And wouldn’t you know, just as Danny and an elated Ed are driving to Magicland, Danny gets a call from his job. And he ends up having to go into the office to do some weekend work. Danny is so embarrassed about this parental letdown that he asks Ed to lie to Caryn and tell her that they went to Magicland. It’s one of a few examples in the movie that show how unexpected things happen to Danny that test his parental skills and integrity.

It’s shown throughout the movie that Danny has become so disenchanted with kung fu, he doesn’t even really like to talk about it anymore. Before Danny was about to drive Ed to Magicland, they encountered an angry man named Tommy (played by Ray Hopper), who was about to pick a fight with Danny because Danny’s car was blocking Tommy’s car that wanted to exit the parking lot. The furious man began to show signs of physical aggression and made racist comments to Danny, who drove away without escalating the argument.

Danny uses this incident as a teachable moment to Ed. He tells his son: “A lot of boneheads think they can solve things with their fists, like that guy back there. You know what to do? You do what Dad did: Be the bigger man and walk away.” Danny brings up this incident after Ed asks him about some old kung fu photos of Danny that Ed had found. Danny avoids going into details with Ed about his kung fu past.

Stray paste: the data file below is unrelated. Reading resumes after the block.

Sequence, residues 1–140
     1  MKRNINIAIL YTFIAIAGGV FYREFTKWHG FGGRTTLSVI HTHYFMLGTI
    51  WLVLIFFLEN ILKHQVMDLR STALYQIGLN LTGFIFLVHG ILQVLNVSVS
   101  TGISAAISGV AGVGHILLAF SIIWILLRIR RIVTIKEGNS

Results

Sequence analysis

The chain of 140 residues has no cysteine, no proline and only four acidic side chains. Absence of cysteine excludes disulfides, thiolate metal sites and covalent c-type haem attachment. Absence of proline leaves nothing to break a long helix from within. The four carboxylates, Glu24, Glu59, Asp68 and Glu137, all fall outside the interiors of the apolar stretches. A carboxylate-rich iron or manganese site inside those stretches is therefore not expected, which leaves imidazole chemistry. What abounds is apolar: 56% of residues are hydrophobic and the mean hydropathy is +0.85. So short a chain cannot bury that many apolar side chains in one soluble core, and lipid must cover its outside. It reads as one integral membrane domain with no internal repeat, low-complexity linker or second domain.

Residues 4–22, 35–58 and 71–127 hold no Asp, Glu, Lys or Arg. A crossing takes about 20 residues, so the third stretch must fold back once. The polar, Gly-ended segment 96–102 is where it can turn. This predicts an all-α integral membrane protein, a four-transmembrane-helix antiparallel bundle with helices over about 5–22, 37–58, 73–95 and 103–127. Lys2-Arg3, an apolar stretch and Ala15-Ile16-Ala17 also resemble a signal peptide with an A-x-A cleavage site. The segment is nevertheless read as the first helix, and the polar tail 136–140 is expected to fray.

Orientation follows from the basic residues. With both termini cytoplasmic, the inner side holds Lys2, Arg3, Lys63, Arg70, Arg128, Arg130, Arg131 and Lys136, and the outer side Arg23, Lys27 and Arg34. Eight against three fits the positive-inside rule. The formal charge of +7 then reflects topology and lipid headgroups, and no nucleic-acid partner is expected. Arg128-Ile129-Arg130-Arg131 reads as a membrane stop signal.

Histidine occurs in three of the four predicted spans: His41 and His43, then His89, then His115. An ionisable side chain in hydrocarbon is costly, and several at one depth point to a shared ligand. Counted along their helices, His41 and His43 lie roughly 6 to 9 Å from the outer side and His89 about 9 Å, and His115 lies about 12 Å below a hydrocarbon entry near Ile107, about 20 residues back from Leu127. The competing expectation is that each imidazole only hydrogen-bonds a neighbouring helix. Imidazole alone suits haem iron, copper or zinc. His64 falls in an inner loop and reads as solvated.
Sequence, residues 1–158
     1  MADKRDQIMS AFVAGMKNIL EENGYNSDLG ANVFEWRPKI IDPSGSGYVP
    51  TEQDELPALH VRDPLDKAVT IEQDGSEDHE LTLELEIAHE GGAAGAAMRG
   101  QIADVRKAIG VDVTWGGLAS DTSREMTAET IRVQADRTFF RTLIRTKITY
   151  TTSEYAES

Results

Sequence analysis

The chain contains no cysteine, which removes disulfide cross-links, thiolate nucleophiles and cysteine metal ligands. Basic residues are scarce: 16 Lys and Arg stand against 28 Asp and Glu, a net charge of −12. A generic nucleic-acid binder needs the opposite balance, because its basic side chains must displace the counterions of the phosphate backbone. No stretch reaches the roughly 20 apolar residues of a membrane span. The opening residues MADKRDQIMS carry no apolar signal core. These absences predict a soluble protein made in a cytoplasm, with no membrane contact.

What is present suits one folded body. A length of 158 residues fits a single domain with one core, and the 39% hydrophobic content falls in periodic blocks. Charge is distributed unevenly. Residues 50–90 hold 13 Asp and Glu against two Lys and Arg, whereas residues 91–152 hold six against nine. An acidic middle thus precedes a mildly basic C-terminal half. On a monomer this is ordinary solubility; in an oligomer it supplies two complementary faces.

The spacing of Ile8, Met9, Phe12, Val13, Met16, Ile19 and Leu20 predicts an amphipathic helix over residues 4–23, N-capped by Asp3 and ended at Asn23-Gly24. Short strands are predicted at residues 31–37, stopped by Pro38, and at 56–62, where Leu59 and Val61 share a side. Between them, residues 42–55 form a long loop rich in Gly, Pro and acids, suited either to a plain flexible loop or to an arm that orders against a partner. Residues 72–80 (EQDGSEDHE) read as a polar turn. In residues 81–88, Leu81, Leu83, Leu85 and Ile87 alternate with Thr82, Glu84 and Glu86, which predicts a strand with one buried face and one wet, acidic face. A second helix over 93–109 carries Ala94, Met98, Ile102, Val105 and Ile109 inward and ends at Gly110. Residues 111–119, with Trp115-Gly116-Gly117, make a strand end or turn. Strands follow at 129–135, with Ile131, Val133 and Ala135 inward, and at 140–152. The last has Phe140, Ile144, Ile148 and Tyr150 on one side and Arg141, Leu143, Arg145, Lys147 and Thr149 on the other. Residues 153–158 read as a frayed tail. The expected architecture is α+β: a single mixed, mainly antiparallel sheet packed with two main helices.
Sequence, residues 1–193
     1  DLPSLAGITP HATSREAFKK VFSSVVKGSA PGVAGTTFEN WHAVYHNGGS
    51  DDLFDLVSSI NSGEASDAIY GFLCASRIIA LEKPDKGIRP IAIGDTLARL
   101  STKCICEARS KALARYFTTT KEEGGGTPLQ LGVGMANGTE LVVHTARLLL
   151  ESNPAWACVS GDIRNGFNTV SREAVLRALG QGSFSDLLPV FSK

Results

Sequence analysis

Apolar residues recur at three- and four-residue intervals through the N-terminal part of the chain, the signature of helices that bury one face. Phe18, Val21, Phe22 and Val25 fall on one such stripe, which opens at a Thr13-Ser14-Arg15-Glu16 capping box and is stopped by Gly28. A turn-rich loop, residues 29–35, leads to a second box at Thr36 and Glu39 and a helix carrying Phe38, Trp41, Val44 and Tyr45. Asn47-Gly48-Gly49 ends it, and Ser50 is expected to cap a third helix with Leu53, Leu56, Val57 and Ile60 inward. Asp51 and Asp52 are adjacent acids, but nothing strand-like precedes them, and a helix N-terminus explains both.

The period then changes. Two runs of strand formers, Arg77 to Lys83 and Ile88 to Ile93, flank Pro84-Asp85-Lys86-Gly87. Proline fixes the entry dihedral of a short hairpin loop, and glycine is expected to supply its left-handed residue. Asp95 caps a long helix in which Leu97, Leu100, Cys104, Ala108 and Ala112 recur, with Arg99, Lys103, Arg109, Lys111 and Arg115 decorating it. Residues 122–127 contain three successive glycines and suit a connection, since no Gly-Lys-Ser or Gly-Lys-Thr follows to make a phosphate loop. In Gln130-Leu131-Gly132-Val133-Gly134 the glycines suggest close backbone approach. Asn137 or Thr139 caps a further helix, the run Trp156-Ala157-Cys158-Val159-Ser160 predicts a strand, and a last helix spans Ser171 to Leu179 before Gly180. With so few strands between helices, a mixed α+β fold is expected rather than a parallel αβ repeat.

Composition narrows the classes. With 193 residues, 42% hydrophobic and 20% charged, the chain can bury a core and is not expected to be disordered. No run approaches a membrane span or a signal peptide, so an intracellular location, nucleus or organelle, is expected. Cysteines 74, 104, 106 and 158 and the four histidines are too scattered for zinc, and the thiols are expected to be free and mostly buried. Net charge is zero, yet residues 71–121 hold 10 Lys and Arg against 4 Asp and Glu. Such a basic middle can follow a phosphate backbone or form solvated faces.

Danny finds out about Sifu Cheung’s death when Hing shows up unexpectedly at Danny’s house and tells him that Siefu Cheun died of a heart attack. They make plans to go to the funeral. The two former friends haven’t seen or spoken to each other in years, but they pick up right where they left off when they reunite. Danny only agrees to go to the funeral when he finds out from Hing that Jim won’t be there.

At the funeral, Danny and Hing see their old enemy Carter (played by Matthew Page), who brags that he was very close to Sifu Cheung. Danny and Hing know that the Three Tigers had a special relationship with Sifu Cheung that Carter never had. Carter is still very annoying and very insulting. He tells Hing: “You look like a fat Asian Mr. Rogers.” In his middle-age, Carter tries to come across as a kung fu master, with a lot of appropriation of Chinese culture.